IPL & Love Life- Cricket & Romance are so closely related.

Adrit Mishra
10 min readApr 28, 2018

Ye IPL hai boss, one simply doesn’t have the time to brood over the outcome and complexities of one match. The mantra is to get over it and belt yourself for the next entertainer. Who knows the next flavor might just be better.’ said the girl. The guy looked bamboozled. Yes, T20 cricket has introduced a new twist to the relationship equation as well. Get over the old, boring and unexciting equation and delve into a new one which can offer a different variety.

Perplexed? Well, we are talking about the entry and exit of oneself in his love life. The so called ‘Love Life’ of any individual can be beautifully captured in a unique cricketing model.

The age old love gurus have always advised one to first build his love equation on a 50 over format which we may call the Bubble-Gum Model.

So, here goes the Bubble-Gum Model:

Pre Match Analysis: This one is very detailed and analysed to the core. The batsman (Hari) has heard a lot about the opening strike bowler: her dressing style variations, her mood swings, and her seam-ingly airy attitude. But if the heart clicks, mind stops to respond! After a debated discussion with his team mates, the strategies are set and the plan chalked out. We are ready for the face off!

Let’s take a look at a typical match between our hero Hari and the lady concerned.

The First Meeting ≈ First over of the match: Obviously, the 2 candidates were at the opposite end of spectrum, but very intrigued by each other’s differences. She (the bowler) was the extreme extrovert dressing to shock and Hari (the batsman) was the introvert, shockingly dressed!

The first ball was a confident forward defensive stroke.

(Girl: I tell you the traffic here in Delhi is killing,

Hari: Yes, you are right, it was almost impossible to get here on time)

Nice start. Hari assumes. The pitch (the environment) is looking batsman friendly and the bowler to his liking. But all his illusions are shattered the very next ball, which is a bouncer.

(Girl: For truly I say to you, if you have faith as tiny as a grain of mustard seed, you will move this mountain. Move from here to there and it will move, and nothing will be impossible to you.)

Hari is perplexed. ‘Nothing is impossible! Mustard Seed…I guess she is hungry’, he thinks in his mind. But his coach (Love Guru) had told him to repeatedly praise the girl. ‘Praise her to heavens’, the Love Guru had said.

Hari gives the charge ready to deposit the next ball into the stands.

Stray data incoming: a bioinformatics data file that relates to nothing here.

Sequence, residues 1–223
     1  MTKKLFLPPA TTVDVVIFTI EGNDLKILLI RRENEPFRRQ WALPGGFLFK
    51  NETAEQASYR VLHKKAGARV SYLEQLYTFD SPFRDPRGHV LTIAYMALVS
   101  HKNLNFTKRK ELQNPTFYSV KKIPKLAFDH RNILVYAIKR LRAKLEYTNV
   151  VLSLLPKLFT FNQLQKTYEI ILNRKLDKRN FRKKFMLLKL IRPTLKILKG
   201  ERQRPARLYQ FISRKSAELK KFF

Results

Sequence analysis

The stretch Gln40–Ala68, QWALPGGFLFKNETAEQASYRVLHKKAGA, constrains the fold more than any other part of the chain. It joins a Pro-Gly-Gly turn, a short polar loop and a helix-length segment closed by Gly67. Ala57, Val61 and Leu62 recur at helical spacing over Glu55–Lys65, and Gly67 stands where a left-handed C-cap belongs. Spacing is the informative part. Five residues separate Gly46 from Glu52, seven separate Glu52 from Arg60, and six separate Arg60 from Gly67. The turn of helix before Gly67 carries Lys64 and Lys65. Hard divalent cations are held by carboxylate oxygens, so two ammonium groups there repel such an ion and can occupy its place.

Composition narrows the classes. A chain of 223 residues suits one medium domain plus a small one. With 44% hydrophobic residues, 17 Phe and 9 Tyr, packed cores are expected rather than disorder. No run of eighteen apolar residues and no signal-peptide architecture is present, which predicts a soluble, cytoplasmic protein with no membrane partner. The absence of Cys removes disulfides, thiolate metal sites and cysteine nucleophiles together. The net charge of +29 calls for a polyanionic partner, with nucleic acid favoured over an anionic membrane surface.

Hari: Beautifully written! I have heard a lot about your writings. Your friends have told me. And got a first glimpse here! Precise and blunt!

Girl: Well, it’s the quote from the Bible. And I am not so much into writing. I read a lot more. In fact I have read Bible twice.

Ohh, the charge was unsuccessful and the ball was missed.

Steady boy, steady! This is a different fish to fry. The usual tricks won’t suffice.

The coach’s pep talk flashed in his mind.

“It’s a 50 over match my son! The U Strategy is clear:

First 4 overs: Assess the pitch. Get an idea of line and length.

Next 3 overs: Attack, if you find the bowler to your liking.

And the final 3 overs: Be your natural self. The range of strokes would flow!

(The assumption is that a bowler gets a maximum of 10 overs in an ODI)

And the beauty of the game is that simultaneously you can see other bowlers (of course girls). And who knows, the bowler to your liking might be the other one. But the key is patience followed by aggression. We have 10 full overs to play my son!”

Hari started to concentrate again. No more loose shots. It started to rain outside. Sensing an opportunity to converse, the Hari tried to display his range of shots (vocal strengths).

Hari (in an Anu Malik’s voice and tune): Dekho baarish ho rahi hai, it’s raining, it’s raining, it’s raining!

Girl: I think of the garden after the rain, and hope to my heart comes singing, at the morn the cherry blooms will be white, and the Easter Bell will be ringing!

Hari (confused): Oh, this one is also from the Bible.

Girl: Nope, this is by Edna D Proctor. You must have heard of him.

Boy: No, I have heard of only Proctor and Gamble! Ha ha.